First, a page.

This is bound to happen given that we are no longer forcing the word “current” to be in a phrase along with the title we’re targeting. However, in some cases, as with the financial advisor search, this search approach can yield results with nearly all profiles having the target title as a current title.

One of the reasons for this is actually due to the fact that a great number of LinkedIn profiles are not very rich in content or complete. Many people join LinkedIn, add their current position, and then don’t ever modify it – this results in many searchable profiles for which there is only a current job, because no previous jobs were ever entered.


This is one small way in which LinkedIn’s often shallow data and many incomplete profiles actually works in your favor – if you’re trying to target people by current title and want to find the maximum number of available results without having to be limited by trying to use “current TITLE” in your strings.

What’s the Shortest Effective X-Ray String?

Looking at the “Public profile powered by” phrase in the search strings, I was curious to see if the entire phrase was even necessary to get good results.

I shaved the “public profile powered by” all the way down to just “powered.” It seems like the most unique term and unlikely to produce (m)any false positives. “financial advisor at” “greater new york city area” powered

Over 42,000 estimated results.


That’s a lot of results – certainly more than the two previous searches. Of course, the 42,000+ is just an estimate and we can’t see past 1,000 results – but I decided to check the integrity of the results out to the maximum you can view (1,000).

As you can see from the image below, you can actually view 1,000 results, and impressively, most (but certainly not all) of the results appear to be all  profiles of people who are currently financial advisors – even out to the last page. That’s a significant improvement from my previous best Bing search which yielded 728 financial advisors.


Sweet. :-)

As Irina Shamaeva has speculated, the Internet search engines obviously don’t index every element/word/phrase of LinkedIn profiles. However, it does appear that the word “powered” is indexed more than the entire phrase “public profile powered by.”

Is there a more simple and elegant search string structure for searching LinkedIn via an Internet search engine to find as many public profiles as possible than “TITLE/KEYWORD” “LOCATION PHRASE” powered? If so – please let me know!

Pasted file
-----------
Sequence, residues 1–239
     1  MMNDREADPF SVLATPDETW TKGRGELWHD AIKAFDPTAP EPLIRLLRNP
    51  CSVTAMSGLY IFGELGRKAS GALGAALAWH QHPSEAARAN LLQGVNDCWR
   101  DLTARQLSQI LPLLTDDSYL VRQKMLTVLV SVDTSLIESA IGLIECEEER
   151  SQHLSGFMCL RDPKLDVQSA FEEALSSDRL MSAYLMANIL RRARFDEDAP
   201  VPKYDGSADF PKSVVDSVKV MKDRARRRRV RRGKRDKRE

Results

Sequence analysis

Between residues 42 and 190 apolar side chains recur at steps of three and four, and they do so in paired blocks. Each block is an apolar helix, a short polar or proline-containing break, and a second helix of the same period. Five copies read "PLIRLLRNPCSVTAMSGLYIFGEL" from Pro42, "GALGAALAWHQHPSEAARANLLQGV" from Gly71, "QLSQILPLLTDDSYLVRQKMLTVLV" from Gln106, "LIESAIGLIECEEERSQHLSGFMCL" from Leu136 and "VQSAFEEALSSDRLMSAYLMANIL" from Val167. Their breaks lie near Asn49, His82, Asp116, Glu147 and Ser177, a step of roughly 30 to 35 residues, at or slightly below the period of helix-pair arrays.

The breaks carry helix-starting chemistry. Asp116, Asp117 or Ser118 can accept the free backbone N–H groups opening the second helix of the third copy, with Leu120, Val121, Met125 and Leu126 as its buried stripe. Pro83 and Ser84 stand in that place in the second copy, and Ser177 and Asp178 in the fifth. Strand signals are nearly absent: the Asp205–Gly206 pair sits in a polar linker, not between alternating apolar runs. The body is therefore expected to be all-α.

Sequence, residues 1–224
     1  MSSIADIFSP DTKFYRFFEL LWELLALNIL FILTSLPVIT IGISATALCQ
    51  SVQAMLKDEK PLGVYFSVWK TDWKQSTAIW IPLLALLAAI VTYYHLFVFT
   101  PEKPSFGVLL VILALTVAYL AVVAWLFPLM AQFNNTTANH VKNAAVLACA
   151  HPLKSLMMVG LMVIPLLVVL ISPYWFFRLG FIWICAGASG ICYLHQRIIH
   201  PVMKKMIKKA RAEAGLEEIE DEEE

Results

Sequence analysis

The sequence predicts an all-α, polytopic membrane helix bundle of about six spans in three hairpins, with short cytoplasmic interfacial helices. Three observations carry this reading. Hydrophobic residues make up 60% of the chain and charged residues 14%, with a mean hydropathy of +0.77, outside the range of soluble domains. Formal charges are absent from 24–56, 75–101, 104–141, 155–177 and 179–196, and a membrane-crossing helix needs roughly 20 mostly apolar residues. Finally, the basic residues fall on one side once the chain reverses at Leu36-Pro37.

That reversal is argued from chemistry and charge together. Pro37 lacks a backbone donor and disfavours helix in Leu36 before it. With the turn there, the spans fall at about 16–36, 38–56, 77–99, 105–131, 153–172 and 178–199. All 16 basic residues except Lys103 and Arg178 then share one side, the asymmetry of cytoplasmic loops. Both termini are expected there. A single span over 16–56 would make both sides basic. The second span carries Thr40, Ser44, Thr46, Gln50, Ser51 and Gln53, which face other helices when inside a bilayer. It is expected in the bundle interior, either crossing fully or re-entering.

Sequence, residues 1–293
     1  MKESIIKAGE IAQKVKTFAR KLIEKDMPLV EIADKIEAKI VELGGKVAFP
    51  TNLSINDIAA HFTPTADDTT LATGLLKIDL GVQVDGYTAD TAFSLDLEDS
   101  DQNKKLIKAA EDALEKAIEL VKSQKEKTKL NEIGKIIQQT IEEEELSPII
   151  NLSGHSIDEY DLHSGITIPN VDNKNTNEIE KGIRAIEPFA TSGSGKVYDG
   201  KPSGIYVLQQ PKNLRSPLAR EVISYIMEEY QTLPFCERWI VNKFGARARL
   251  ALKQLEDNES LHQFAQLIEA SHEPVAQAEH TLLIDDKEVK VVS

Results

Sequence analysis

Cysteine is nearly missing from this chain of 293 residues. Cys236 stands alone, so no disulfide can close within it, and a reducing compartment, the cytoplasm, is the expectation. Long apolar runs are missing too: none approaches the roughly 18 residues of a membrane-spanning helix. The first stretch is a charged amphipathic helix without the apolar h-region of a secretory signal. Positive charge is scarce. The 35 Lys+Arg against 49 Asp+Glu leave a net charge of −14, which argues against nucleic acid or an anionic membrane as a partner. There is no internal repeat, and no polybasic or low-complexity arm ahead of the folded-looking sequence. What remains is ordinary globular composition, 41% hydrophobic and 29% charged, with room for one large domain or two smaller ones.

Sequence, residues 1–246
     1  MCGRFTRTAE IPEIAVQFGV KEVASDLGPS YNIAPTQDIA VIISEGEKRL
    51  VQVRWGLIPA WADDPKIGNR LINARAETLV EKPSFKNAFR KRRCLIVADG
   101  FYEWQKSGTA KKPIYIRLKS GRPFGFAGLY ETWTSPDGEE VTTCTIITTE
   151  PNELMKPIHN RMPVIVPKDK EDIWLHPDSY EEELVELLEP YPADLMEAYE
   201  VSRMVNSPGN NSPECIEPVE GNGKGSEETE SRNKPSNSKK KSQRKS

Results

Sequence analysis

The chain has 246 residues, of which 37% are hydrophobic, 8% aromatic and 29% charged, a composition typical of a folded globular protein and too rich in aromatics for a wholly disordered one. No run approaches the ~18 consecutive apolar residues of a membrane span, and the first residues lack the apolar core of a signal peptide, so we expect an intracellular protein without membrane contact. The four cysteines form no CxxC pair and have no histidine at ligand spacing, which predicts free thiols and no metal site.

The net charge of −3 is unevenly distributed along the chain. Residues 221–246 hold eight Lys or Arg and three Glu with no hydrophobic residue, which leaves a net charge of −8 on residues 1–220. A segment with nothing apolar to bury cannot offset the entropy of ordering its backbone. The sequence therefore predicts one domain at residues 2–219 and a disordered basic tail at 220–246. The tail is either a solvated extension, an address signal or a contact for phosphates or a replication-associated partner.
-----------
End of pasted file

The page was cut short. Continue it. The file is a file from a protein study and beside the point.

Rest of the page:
Is Google Down and Out?

Going back to Google, we can use a “standard” LinkedIn X-Ray string to compare results with the above Bing search for the exact same parameters: (inurl:in OR inurl:pub) -intitle:directory -inurl:dir -inurl:jobs “greater new york city area” “current * financial advisor”


1600 estimated results looks good, right?

Not so fast.

Notice the 4th result, Shannon Sweeney? He’s not currently a financial advisor:


Using the asterisk in the phrase “current * financial advisor” is not a flawless solution – it will yield false positive results.

Also, navigating through the results, you can see that they actually end at 479. Less than half of our short and sweet Bing X-Ray search of LinkedIn. Interesting, yes?


Can Google Return Good Results with a Short LinkedIn X-Ray String?

Then I was curious to see what Google would make of the short and sweet Bing LinkedIn X-Ray search string: “financial advisor at” “greater new york city” powered

While Google estimates over 94,000 results – you can see from the first 10 that they are mostly directory results and not profiles. Blech!


To add insult to injury, if you navigate out to page 46 – there are actually only 457 results, which is less than half of what Bing returns (which are all profiles and not directory results!).


The Coup de Grace

And now, for my finishing move, I will unveil one of Bing’s (no longer) secret weapons – <insert dramatic music>- proximity search.

Irina brought to my attention via Twitter that Bing actually supports the near: operator. I wasn’t previously aware of this, as I haven’t historically used Bing that much (sorry MS folks), and I had never before heard of Bing supporting proximity search.

A quick bit of research returned this information directly from Microsoft, showing that the near: operator “constrains the distance between terms so that documents that contain instances of the specified terms within ten words of each other are returned before those that don’t.” Interestingly and importantly, that explanation technically leaves Bing the option to return some results in which the near: operator is not strictly obeyed.

Additionally, Bing gives you the ability to move beyond fixed proximity (i.e., near: = within 10 words) and into the realm of configurable proximity by adding a number to the operator, taking precise control over the distance. For example:  java near:4 develop